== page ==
What no rise?

This post is prompted by a comment from Andrea on a post I did in September 2011. You might like to read that before continuing here. My response is too long to do in a comment, so I’ve decided to make a separate post of it.

The comment is about a version of the fall-rise nuclear tone that doesn’t have a terminal rise. Before launching into the details of my response I’d like to make it clear exactly what I mean when I call something a fall-rise nuclear tone, or a high fall or a low rise etc. etc. For me these are names of functional categories, not attempts at detailed characterisation of pitch/F0 configurations. When we call /t/, for example, a voiceless alveolar plosive phoneme, we don’t mean that it is always realised as that particular sound. We have to call it something, so quite reasonably choose a label which fits many of the realisations of the phoneme. Similarly, when I call something a fall-rise I mean a tone category which is often, but not always, realised by a falling and then rising movement in the pitch contour.

The particular realisation that Andrea comments on is a pitch fall from high to mid. We could symbolise the full form of a fall-rise as HLM. The cut-down version is HM. This phenomenon is known as tonal compression, not truncation as Andrea suggests. A truncated HLM sequence would be HL. A discussion of both phenomena with examples from various languages can be found in Intonational Phonology by D. Robert Ladd (Cambridge University Press, 1996, especially pp. 132-136). Some languages prefer truncation, but others, including GB English, prefer compression. The motivation for both is similar, namely the lack of time at normal speech rates to realise the complete tonal contour. Both phenomena can be avoided by slowing down the speech.

Andrea asks whether the HM tone is common in English. I have no hard evidence to give a definite answer, but my hunch is that it is. I can’t comment on Andrea’s other “stylised tone that is clearly a fall to me, and this one also begins relatively high and is somewhat flattened at the end”, because I don’t know what that sounds like. All fall-to-baseline tones flatten out on post tonic syllables, but I don’t know if that is what Andrea means. I would add that I think attempts to characterise tones as “statement-like” or “question-like” are very dubious.

4 thoughts on “What no rise?

  1. Hello! I hear a rise-fall-rise in the first sound file. The /n/ has a separate movement because of compression. The small final rise then makes sense. Saying “Do you want to go to a comedy?” with a rise-fall-rise on ‘comedy’ sounds very similar to me.

    Truncated tones are supposed to exist in Leeds and Belfast I have read.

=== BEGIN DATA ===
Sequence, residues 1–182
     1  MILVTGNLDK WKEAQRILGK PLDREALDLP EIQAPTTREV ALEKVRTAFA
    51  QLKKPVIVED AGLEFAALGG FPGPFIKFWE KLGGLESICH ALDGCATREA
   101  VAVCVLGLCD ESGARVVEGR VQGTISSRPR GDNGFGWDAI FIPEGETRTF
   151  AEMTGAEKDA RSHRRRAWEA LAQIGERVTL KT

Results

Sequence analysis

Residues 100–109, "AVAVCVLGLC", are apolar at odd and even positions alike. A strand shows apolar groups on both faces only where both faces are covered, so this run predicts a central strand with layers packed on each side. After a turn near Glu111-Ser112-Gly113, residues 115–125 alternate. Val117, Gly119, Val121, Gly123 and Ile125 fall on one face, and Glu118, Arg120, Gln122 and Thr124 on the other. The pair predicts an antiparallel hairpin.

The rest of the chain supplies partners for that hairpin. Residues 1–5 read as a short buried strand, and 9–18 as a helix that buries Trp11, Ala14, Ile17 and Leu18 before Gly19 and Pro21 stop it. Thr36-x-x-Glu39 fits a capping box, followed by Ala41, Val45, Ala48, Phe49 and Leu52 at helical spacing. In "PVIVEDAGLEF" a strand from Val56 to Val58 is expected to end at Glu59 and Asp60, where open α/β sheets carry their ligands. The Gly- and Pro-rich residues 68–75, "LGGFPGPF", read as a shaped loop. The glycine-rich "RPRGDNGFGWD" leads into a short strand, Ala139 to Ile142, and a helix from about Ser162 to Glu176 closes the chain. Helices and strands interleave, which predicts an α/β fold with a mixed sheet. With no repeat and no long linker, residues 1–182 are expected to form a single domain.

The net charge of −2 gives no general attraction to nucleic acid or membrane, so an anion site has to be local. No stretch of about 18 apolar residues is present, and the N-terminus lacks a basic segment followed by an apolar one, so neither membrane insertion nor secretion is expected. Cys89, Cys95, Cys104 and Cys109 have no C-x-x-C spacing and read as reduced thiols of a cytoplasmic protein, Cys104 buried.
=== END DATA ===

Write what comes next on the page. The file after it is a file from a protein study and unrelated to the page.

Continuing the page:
2. Dear Prof. Maidment,

    Thank you for your reply, and my apologies for such a late response. I do understand what you say about using the term ‘fall-rise’ as a functional category rathen than a phonetic one. However, when one is a non-native listener, like myself, it’s only after a long time that one can hear intonation functionally rather than phonetically. Hence my question about ‘the fall-rise that doesn’t (seem to) rise’.

    I’m interested in the phonetic aspects of intonation and how they’re perceived by non-native speakers, especially those who speak my variant of Spanish. As far as I know, all the teachers of English phonetics in my country use pitch change direction to teach the five English ‘tones’, or at least that’s how we learners approach pitch accents that do not exist in the phonological system of my mother tongue, River Plate Spanish.

    My question was about a HM pitch accent in utterance final position, in syntactically complete units. I’ve heard this tune used in “She doesn’t really mind” I’ve heard this several times. My question was, how could this contour be represented for L2 teaching purposes? So far I’ve resorted to my own, idiosincratic representation for this HM pitch accent, something like this: `- Is there a tonetic mark for it in the literature? And what meaning(s) may be attached to it?

    As for the terms I used in my original comment, i.e. “statement-like” or “question-like”, at no time did I mean there is a straightforward relationship between phonetic form and function. Perhaps I should have worded my comment using expressions such as ‘an intonation pattern that sounds superficially interrogative’ or I should have said that ‘the intonation conveys a questioning nuance’. I have borrowed these from Ladd (2008:125). I hope this helps clarify what I meant.


    Andrea Perticone
    Buenos Aires, Argentina

  3. Erratum: “I’ve heard this tune used in “She doesn’t really mind”” should read “I’ve heard this tune used in Barbara Bradford’s Intonation in Context, Unit 2, and in other audio materials accompanying textbooks for pronuncation teaching, several times”.

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